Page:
In sum, the idea actually has potential as a joke, art, etc., but this isn't a well-thought-out thing.... I predict we'll see a cheap, more functional, copy from China on eBay within a few months. ;-)
Even when the Chinese copy it and start trying to sell them for $10 a copy, I doubt those will sell.
Because who really wants to wander around on their vacation carrying a fake arm?
steelhead3: Bragging that these are able to use the 4d tracking of the crop sensor 77II is a joke. Where is the 99II? We all know it is coming, throw us a bone Sony and keep the A mount alive, so people will have confidence to buy these overpriced lenses.
Most of the people who believe Amount is dead and spend there time trying to convince everyone else would still believe in this no matter what Sony released, just update there "A77m2 is the last" rant to the A99m2.It seems to have taken an almost religious fervor with some, who are apparently true believers with an unshakable faith and need to save the happy Amount users from themselves.BTW, anyone see any good sales on liquidation of existing 16-35f2.8Z inventory yet? The old one's good enough for my old A99, which is good enough for me!!!
JahRastafari: Camera of the year is of course the magnificent Canon EOS 7D Mark II. With a whopping 84% review score, achieved despite a mediocre image quality from the year 2012.
Their marketing department possibly already has the "camera of the year" posters drawn up ready to print and send out to all the camera stores.Just in case it matters to someone, they'll be happy to take that money.
Peiasdf: OMG, the Olympus forum is going to mobilize like it did last year and secure all the top spots.
EDIT: hmm, not much stuff from Oly on the list. A dull year for Oly when competitors came out strong. A7S, A7 II, a6000, X-T1, NX-1, GM5. Next year there is the replacement for EM-5 so that will be exciting.
They've run enough Sony's to create "spoilers" and split up the votes on them. The A6000 and A5100 in one category and the A77II, A7II and A7S in another.
nudibranches: Idea is you will love the camera so much you will stump up $20,000 (or god knows how much) to buy it at the end of the month... :)
If that's the idea, why bother with the whole contest idea.Just have a "demo day" road trip.
spzphoto: Is there any information if the Mitros + will have any kind of cross brand compatibility?To be more specific, I would like to know if a Mitros+ for Sony can trigger a Mitros+ for Canon in manual mode or (even better) in TTL.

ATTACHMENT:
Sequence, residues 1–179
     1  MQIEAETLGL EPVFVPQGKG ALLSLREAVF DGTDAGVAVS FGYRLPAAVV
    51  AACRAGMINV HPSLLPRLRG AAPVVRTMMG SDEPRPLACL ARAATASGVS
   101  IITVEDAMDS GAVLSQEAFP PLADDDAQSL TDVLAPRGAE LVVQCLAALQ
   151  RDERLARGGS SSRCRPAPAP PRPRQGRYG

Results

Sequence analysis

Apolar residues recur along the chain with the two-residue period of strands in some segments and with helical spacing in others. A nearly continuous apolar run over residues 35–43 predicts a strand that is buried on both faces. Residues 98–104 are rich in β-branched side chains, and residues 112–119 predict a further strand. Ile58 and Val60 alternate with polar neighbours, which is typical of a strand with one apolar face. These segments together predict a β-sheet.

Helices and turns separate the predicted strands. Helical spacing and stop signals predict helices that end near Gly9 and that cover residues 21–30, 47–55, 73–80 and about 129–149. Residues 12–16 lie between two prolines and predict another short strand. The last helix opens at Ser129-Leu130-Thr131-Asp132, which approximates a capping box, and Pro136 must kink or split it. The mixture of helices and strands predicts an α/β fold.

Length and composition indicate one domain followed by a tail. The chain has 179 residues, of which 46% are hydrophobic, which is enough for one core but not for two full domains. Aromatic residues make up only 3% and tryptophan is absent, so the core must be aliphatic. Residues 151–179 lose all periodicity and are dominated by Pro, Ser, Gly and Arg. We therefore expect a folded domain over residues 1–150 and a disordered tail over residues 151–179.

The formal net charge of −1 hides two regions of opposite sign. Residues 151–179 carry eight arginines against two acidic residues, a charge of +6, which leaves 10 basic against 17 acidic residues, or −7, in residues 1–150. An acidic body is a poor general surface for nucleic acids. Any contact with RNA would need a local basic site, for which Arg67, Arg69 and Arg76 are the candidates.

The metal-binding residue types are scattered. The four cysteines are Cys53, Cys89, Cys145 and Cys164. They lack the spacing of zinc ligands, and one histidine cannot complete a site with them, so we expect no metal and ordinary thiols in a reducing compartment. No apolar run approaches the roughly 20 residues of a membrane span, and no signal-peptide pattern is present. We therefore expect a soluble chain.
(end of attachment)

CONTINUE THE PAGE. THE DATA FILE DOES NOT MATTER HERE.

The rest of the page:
I already own a Mitros+ for Canon and I am thinking of getting a Sony a6000 as well. So if there is some sort of compatibility it would make my choice easier.
Sony's hot shoe can support a standard device.BUT, the foot on the flash is definitely not going to mount on anything else. And to support TTL on these units, I can't see how they could to that without adding the extra tab on the front of the "foot" to contact with the extra pins on the shoe. So, I'd think it's a safe bet that these flashes won't even physically mount properly on anything but a Sony MI shoe.And, will likely have issues mounting even in most cold shoes on light stands.
aris14: Ι hate proprietary flash shoes...
There is an industry standard define by International Organization of Standards (ISO 518). This is apparently not publicly distributed for free, but common belief is that it defines the size of the shoe and only a single pin electrical contact in the middle, with a ground on the sides. All this supports is physical mounting, and sync.Sony's multi-interface shoe fully support that standard.Nikon and Cannon, and just about everyone else also supports that. But all have added onto it for various reasons, power saving, TTL and HSS to name a few. But, I don't believe any of these features beyond sync is supported between any manufactures.The "foot" is an whole different story, and Sony does use a proprietary foot on flashes. They will not fit on any other manufactures shoe without taking a grinder to it. And I'm quite sure that foot is used on these new Phottix units, they would have to use it to support TTL.